In part of the issue, the free event sheet “PluSZ” appeared on Thursdays between 1996 and the beginning of 2012. At the beginning of 2012 this was replaced by the supplement “Augusto”, which also appears on Thursdays. The weekly television magazine rtv is enclosed with the newspapers .

Since 2005, the free, advertising-financed newspaper “freitagSZ” has been published in Dresden on Fridays. In addition to a real estate section, it republishes editorial articles from the previous week's Sächsische Zeitung. It competes with the weekly newspaper "Wochenkurier", which is also financed by advertising.


The Sächsische Zeitung is printed in four-color offset printing in the newspaper printing plant in Dresden- Hellerberge, which opened in 1998 . The print run was 270,000 copies in 2014. The paper is 100 percent recycled and is supplied by the Eilenburg and Schwedt / Oder paper mills . The print-out takes place at 9:50 p.m., the printout, the last copies, at 3:30 a.m. From delivery points, 3,000 deliverers, 400 of them in Dresden, deliver the newspaper to subscribers.

publishing company

Publishing house "House of the Press" in Dresden
Lettering in front of the building

The DDV media group, which sets up the Sächsische Zeitung, is 60 percent owned by the Bertelsmann subsidiary Gruner + Jahr , 40 percent of the shares belong to the Deutsche Druck- und Verlagsgesellschaft , a media subsidiary of the SPD . A total of around 500 employees work in all areas of the DDV media group, including around 140 editors. Morgenpost Sachsen Verlagsgesellschaft mbH, which publishes Morgenpost Sachsen with editions in Dresden (Dresdner Morgenpost) and Chemnitz (Chemnitzer Morgenpost), also belongs to the DDV media group . In addition, since it was renamed DDV Mediengruppe, the former Dresden printing and publishing house has been divided into five business branches, which are identified by a five-armed star as a logo: media, logistics, communication and marketing, leisure and tourism, and publishing services.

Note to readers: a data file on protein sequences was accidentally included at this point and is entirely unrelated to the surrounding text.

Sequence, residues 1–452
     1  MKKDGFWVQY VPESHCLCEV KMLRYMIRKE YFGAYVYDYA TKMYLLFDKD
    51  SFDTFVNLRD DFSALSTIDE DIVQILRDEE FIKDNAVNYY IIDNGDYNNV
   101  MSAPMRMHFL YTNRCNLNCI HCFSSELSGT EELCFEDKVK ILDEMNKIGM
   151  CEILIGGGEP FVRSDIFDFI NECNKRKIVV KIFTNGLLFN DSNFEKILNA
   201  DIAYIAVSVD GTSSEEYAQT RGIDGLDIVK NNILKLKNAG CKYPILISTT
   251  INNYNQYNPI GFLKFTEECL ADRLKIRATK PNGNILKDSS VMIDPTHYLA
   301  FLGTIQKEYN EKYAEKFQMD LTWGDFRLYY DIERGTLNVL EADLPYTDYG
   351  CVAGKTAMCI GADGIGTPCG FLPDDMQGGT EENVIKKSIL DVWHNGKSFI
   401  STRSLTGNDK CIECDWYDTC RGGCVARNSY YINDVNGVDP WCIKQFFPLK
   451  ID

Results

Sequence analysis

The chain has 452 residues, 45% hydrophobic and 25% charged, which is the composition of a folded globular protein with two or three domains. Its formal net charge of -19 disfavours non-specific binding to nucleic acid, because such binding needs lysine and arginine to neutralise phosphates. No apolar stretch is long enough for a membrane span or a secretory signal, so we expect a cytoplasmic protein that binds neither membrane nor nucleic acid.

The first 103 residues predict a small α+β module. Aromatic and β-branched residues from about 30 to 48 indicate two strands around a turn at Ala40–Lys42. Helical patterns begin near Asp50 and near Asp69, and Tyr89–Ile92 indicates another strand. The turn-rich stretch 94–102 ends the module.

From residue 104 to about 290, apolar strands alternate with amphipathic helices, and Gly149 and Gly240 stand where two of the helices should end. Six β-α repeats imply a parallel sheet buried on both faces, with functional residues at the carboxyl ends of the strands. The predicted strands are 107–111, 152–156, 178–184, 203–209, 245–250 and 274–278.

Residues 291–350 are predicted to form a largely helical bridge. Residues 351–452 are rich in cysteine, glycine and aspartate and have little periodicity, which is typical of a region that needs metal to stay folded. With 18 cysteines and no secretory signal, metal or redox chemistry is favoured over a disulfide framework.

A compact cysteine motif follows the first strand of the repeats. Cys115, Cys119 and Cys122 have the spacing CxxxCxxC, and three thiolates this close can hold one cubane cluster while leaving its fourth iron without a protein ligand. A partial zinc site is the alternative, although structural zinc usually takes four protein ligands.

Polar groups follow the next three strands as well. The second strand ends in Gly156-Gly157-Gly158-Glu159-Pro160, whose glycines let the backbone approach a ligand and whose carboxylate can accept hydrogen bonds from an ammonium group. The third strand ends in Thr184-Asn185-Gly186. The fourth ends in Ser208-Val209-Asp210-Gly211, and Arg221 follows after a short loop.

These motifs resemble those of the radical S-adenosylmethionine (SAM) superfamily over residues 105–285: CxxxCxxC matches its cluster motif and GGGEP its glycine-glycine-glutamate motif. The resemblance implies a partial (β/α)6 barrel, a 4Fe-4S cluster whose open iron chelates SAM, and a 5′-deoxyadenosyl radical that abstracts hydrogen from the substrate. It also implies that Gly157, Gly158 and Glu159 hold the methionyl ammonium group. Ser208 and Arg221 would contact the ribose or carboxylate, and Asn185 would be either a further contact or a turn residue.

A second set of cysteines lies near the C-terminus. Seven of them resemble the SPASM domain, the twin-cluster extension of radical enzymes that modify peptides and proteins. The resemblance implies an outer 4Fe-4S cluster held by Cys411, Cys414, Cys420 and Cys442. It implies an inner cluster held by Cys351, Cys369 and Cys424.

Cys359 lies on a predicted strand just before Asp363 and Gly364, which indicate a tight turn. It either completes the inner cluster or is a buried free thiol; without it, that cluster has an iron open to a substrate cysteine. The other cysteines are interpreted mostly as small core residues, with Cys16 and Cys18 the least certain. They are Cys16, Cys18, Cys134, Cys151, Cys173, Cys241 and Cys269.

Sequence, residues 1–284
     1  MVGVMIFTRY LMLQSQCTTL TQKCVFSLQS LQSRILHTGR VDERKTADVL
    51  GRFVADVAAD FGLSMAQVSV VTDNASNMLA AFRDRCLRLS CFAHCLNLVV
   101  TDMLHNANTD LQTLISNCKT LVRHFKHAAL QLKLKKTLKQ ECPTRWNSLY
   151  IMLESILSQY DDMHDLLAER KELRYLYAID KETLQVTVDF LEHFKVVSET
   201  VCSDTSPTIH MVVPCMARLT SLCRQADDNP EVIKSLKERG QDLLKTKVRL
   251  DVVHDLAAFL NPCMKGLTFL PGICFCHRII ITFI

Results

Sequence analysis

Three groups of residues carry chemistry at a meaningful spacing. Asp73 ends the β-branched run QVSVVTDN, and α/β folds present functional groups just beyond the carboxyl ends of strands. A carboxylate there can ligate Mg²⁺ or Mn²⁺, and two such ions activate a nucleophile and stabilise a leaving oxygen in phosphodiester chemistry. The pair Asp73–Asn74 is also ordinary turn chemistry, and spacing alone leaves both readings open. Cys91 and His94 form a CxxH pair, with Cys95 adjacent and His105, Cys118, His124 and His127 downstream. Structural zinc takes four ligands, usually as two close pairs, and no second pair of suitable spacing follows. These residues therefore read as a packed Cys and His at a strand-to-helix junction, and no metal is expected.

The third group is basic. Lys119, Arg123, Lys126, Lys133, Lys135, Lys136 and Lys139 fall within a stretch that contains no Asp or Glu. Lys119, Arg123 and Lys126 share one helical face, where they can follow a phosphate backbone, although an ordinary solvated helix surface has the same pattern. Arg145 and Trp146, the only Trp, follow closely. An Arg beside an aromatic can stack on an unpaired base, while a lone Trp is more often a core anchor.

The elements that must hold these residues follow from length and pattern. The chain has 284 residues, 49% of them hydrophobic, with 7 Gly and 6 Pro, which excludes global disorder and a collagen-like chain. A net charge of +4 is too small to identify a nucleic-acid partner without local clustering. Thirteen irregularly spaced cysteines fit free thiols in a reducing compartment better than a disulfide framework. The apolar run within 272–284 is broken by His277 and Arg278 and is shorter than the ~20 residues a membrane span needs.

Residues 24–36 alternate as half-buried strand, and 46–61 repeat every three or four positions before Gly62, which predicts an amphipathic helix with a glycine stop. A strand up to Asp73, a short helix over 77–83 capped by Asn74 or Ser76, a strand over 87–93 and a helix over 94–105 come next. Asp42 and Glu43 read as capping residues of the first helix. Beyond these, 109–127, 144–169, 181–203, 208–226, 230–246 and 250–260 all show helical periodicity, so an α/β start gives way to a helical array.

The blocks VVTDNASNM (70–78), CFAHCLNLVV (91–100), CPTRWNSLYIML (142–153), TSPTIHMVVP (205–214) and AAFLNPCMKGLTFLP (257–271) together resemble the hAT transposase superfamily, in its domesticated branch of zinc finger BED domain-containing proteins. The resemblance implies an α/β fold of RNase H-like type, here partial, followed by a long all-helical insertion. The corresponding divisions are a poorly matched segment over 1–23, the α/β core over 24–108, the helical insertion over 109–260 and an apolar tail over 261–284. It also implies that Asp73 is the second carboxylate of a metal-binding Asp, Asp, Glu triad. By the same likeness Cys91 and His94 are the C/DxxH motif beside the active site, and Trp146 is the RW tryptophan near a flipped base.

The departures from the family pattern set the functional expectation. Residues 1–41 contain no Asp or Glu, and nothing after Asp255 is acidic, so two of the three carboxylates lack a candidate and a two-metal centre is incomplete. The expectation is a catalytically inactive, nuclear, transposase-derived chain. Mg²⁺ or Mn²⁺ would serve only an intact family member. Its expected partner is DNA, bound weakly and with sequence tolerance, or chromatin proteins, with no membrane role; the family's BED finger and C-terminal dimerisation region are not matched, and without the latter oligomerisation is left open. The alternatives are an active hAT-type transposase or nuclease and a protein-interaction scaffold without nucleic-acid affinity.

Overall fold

In the subsidiary Dresdner Magazin Verlag, the DDV media group also publishes several magazines, some of which are free of charge. Examples are the annual restaurant guide "Augusto", the "Wellnessmagazin" and the "Immobilienmagazin für Dresden und Umgebung". A business directory for Dresden and the surrounding area is published annually by Dresdner Magazin Verlag. With PostModern, a private letter service has also been part of the DDV media group's portfolio for several years. The DDV Edition publishes books, some of which are written by SZ editors.